The Housewith Chris Hall
Chris Hall: Canada-wide pipeline protests a 'bump' on the road to reconciliation, Garneau says
Transport Minister Marc Garneau says blocked rail lines and other protests across Canada in support of the Wet’suwet’en hereditary chiefs are just a bump in the road in the process of reconciling the historic grievances of First Nations.
Canada's UN ambassador 'cautiously optimistic' about landing Security Council seat
Canada's ambassador to the United Nations said this week he's optimistic about the country's chances of winning a seat at the UN Security Council table, even though the three-way race is both "competitive" and "unpredictable."
Teachers' strikes: What are the political risks involved?
As all four major teachers' unions in Ontario plan a full-day strike across the province next week, thousands of families will be left scrambling to make childcare arrangements. But what are the political risks involved with continuing labour action?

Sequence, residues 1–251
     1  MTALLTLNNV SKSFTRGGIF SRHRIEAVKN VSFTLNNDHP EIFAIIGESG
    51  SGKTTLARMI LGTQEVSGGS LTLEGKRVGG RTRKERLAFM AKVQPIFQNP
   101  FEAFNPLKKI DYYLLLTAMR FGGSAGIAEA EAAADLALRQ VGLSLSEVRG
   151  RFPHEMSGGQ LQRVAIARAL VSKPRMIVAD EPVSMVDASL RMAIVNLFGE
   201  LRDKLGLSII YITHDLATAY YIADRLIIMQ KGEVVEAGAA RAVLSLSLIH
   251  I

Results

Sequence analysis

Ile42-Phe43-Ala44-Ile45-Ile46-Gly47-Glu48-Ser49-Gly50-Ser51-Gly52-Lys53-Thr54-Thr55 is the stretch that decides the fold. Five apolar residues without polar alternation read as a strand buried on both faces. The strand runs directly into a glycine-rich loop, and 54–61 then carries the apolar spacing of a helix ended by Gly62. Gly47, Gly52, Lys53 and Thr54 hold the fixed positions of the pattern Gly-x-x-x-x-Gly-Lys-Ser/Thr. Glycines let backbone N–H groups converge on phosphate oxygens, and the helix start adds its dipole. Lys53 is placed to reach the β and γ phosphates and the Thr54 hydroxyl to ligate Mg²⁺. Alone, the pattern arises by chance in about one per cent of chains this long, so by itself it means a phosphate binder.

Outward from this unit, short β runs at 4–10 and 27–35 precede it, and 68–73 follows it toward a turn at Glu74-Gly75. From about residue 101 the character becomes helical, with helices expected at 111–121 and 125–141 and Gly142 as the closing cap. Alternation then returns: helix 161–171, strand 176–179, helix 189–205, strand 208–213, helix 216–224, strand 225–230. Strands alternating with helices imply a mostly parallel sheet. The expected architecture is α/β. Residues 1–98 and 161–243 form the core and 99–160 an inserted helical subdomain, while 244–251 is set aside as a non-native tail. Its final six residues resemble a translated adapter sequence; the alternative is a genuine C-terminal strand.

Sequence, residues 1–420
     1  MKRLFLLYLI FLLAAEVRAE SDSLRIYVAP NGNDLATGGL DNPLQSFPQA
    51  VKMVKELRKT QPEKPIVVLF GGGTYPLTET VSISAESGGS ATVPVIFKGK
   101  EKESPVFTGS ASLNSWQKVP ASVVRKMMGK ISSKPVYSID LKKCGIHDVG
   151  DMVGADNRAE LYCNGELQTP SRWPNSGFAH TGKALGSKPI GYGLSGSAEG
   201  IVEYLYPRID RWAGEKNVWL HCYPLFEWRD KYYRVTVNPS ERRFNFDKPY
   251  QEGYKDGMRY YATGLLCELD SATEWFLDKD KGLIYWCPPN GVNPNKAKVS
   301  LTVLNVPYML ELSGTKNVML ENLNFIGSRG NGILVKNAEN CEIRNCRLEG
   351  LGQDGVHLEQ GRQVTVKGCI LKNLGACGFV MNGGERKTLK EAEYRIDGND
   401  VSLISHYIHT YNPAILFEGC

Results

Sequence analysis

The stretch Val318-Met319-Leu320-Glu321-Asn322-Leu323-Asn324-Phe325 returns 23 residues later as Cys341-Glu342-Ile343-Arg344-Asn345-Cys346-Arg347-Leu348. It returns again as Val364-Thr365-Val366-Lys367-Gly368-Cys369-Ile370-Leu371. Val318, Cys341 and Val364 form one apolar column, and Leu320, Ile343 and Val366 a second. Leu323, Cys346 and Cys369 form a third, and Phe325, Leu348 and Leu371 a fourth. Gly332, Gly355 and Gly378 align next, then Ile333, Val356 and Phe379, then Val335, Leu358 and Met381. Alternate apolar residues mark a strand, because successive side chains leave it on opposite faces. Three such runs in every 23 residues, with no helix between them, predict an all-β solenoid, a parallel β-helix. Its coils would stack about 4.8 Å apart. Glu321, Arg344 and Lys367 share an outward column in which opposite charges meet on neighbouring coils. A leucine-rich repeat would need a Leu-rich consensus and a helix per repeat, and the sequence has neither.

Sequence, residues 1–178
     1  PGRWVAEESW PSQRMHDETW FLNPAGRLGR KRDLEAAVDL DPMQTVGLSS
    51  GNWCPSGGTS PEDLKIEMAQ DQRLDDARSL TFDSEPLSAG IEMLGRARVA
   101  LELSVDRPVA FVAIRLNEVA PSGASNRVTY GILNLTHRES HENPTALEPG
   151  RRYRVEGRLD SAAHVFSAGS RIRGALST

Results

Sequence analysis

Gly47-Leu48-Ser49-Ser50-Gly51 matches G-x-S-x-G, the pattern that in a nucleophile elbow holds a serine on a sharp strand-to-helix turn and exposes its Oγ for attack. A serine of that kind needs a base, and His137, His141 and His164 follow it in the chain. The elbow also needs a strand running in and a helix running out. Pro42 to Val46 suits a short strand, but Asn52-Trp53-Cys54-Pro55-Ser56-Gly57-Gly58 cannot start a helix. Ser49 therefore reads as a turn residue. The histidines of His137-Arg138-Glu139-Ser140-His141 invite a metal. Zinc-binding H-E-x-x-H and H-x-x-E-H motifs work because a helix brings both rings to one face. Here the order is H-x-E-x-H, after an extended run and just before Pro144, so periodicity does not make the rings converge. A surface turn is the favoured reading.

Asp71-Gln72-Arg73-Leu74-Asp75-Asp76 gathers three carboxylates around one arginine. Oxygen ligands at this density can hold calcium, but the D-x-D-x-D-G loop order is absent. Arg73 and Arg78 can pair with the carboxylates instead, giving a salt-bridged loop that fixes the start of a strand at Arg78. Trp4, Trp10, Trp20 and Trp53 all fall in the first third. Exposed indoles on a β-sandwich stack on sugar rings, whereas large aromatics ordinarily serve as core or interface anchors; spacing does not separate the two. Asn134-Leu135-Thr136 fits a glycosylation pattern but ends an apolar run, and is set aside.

Chris Hall: Was Ottawa right to quarantine Canadians evacuated from Wuhan?
As the people Canada flew out of Wuhan, China, settle into their second day of a two-week quarantine at a Canadian military base, the debate over whether they pose a real risk of spreading the novel coronavirus here is heating up.
Will the government overhaul the way wrongful convictions are reviewed?
Advocates for the wrongfully convicted say they're hoping the federal government is ready to establish a new independent commission to review wrongful convictions in Canada.
Retired MP overcame hurdles to secure Black History Month designation
Retired MP Jean Augustine’s efforts in the House of Commons 25 years ago to build support for a motion calling on the federal government to designate February as Black History Month in Canada succeeded in the end, but there were some hurdles along the way.
Canadians want expanded access to medical assistance in dying, says Lametti
Justice Minister David Lametti says he thinks Canadians want more access to medical assistance in dying following a court ruling that struck down provisions limiting it to people whose death is near. That’s the theme he says is emerging from the responses of nearly 300,000 Canadians to an online questionnaire that ended Jan. 27 — the largest number of responses the department has ever received during a public consultation.